The anionic surfactants optionally employed in the present invention have the general formula (R-A) wherein R represents a hydrophobic group which is either a substituted or non-substituted alkyl, aryl, or alkylaryl group having six or more carbon atoms (preferably between nine and 40 carbon atoms) per A group; and A is an anionic group exemplified by one or more of the following groups:-(l) sulfonate; (2) sulfate; (3) phosphate or polyphosphate; 4) carboxylate etc. The A group can be in the free acid form or in the salt form, but acid conditions (i.e., a pH of about 5 or less) must always be present. Another type of anionic surfactant which can be used is one wherein R may contain a polyoxyalkylene group. Additional operative materials include those generating anionic surfactants in situ during the process of this invention. Examples of useable anionic surfactants are:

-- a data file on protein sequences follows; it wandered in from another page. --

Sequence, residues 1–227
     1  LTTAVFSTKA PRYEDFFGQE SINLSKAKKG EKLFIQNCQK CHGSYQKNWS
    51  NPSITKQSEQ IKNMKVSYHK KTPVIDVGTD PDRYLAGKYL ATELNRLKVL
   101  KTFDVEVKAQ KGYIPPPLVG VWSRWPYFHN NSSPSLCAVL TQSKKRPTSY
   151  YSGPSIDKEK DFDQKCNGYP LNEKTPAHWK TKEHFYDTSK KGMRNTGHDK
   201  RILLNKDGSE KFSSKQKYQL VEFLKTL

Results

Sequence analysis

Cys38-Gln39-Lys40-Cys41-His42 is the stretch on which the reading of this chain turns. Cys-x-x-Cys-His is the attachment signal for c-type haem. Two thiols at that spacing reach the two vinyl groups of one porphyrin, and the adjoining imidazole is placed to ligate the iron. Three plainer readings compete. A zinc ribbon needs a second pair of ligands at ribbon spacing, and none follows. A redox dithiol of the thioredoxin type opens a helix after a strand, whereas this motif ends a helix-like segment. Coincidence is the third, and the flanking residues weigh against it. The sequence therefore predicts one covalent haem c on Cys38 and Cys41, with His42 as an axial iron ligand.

Commercial Name Sodium laurylsulfate Sodium tetradecylsulfate Sodium cetylsulfate Aerosol TR Aerosol OT Aerosol AY TergitOl l5-S-3A Tetgitol lS-S-3S Sandopan 6624 Victawet 35B Barisol Super BRM Alkapent CC Alkapent M60 Chemsol 700-S Chemsol 935-N Estranol CP Alkapent A Gafac RS-6l0 Gafac 1.0-529 Zelek UN Chemical Description C,,H,,SO Na C I-I SO Na C H SO Na Bis(tridecyl) ester of sodium sulfosuccinic acid Dioctyl ester of sodium sulfosuecinic acid Diamyl ester of sodium sult'osuccinic acid rs x1 )n SO NH,